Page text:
California Sagebrush and Change of Seasons

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Southern California is in its fourth year of drought. Walking in the hills of Kenneth Hahn Park the strain of it on the native vegetation is noticeable.  The hillside are brown and dry, seemily covered with dead brush.  But since late October there has been several small rain showers. Not much, my rain gauge shows we’re just over an inch for the year. But it has triggered many dormant plants to start growing again.

This past summer, California Sagebrush (Artemisia californica), found throughout the park appeared as a tumble of dry grey twigs. But in the weeks following the rains, green leaf buds started appearing on those seemingly dead twigs.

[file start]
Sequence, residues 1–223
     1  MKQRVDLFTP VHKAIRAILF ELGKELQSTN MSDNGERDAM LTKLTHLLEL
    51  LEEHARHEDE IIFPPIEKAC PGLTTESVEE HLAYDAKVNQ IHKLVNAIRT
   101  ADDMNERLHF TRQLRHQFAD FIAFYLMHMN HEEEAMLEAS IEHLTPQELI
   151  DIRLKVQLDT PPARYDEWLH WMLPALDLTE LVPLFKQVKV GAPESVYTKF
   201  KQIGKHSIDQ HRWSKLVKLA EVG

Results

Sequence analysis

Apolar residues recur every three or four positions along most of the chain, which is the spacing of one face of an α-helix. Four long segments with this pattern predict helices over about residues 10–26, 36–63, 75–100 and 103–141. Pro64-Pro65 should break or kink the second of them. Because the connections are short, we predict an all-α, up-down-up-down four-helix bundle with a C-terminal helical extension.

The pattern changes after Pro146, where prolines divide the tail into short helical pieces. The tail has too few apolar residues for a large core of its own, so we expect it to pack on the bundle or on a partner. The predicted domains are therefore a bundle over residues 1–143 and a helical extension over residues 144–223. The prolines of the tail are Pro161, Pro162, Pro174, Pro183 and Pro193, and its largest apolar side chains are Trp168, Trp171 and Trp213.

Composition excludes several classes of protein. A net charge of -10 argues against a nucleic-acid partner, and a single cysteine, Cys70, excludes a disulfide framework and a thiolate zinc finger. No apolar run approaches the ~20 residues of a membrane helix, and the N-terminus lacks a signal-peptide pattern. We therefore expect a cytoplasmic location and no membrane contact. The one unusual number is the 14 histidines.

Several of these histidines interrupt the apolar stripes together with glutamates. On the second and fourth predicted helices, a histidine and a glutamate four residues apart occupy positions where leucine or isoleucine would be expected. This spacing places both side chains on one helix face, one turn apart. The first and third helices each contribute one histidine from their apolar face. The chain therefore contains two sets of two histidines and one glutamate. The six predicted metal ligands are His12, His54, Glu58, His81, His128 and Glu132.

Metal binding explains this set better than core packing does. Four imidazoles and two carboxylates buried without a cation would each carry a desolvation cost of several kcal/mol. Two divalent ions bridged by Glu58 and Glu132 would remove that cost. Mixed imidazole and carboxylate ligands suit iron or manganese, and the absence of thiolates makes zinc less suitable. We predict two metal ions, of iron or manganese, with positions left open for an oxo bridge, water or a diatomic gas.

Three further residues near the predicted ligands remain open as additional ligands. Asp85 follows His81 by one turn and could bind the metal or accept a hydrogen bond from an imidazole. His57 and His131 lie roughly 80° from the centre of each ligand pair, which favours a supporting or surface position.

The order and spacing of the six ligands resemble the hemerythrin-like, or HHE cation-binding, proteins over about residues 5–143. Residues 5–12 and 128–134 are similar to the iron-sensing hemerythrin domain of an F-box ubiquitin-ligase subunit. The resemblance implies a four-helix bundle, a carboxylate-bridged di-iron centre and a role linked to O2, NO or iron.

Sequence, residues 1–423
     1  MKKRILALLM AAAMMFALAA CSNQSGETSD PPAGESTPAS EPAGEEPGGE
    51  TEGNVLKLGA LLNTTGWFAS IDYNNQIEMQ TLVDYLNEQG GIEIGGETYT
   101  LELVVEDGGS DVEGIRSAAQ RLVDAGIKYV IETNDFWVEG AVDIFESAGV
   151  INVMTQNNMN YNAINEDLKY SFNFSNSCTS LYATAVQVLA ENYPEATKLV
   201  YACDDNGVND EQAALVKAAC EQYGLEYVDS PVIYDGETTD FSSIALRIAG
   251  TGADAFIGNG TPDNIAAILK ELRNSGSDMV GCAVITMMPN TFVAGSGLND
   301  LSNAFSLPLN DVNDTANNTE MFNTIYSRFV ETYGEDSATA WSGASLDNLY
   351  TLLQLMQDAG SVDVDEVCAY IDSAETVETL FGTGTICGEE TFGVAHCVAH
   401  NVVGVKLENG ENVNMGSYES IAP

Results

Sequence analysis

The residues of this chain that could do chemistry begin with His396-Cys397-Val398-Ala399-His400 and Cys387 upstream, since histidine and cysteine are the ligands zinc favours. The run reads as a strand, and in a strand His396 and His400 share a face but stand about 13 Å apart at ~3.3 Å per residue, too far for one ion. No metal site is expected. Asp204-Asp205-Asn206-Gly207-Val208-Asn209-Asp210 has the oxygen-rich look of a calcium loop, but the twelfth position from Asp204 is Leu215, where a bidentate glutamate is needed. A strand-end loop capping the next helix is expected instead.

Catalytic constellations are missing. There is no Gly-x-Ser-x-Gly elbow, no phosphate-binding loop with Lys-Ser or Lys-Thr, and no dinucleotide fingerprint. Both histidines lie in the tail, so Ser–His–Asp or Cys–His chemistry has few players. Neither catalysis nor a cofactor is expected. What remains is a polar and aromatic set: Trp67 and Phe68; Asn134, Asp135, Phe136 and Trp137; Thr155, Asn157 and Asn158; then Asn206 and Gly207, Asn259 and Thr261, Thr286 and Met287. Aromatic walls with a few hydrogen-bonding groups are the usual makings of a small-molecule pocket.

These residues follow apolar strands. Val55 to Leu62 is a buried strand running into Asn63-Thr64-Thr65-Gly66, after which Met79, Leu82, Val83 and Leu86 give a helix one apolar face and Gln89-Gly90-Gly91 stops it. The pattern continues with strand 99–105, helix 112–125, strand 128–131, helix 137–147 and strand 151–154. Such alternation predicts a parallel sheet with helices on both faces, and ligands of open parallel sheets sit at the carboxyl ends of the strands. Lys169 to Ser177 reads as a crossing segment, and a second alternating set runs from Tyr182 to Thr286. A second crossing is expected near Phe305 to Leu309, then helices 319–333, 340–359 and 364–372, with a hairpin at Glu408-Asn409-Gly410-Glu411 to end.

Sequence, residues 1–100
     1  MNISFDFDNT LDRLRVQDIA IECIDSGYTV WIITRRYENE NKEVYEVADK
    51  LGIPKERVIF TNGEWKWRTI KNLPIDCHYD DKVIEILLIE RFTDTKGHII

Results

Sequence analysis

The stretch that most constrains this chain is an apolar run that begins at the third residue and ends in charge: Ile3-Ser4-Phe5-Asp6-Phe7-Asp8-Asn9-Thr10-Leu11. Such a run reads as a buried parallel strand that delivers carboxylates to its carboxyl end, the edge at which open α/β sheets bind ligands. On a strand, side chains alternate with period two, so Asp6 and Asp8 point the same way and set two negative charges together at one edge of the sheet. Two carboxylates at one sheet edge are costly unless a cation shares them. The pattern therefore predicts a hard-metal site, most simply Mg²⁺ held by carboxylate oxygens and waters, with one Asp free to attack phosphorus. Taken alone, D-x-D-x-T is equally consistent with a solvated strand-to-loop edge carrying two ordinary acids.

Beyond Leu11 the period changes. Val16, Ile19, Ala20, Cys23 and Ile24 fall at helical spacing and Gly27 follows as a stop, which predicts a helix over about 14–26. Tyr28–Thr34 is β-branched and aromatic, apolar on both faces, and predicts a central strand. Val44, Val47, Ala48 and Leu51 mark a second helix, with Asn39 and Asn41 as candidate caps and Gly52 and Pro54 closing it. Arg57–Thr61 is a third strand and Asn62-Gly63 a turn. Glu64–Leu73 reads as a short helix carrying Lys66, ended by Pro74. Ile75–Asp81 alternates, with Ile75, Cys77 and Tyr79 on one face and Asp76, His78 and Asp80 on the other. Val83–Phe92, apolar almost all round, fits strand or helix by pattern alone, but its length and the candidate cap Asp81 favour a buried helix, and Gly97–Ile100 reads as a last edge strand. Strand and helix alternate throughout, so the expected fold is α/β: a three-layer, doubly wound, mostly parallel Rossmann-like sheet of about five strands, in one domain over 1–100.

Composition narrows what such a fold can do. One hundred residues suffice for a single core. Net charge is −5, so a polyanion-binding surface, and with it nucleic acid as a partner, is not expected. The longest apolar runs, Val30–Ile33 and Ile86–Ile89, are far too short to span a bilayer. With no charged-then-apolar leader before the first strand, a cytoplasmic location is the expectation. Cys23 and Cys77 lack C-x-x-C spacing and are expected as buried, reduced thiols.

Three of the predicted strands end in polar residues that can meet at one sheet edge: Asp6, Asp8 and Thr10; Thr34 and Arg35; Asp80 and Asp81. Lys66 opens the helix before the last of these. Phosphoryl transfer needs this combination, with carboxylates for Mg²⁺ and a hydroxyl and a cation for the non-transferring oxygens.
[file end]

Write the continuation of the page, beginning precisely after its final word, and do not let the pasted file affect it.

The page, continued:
A few plants were soon covered in green but the drought has been hard on many of them. Most of the large bushes have only a few branches generating new leaves, the rest of the branches having died off. And some show no life, likely to never grow again.

Another dry winter and those still alive may not come back next year. But if the rains come these fragrant plants will fill the hillsides green. And in the ground lies the seeds of the next generation, waiting for the wet years to return.

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Photos by Alan Starbuck

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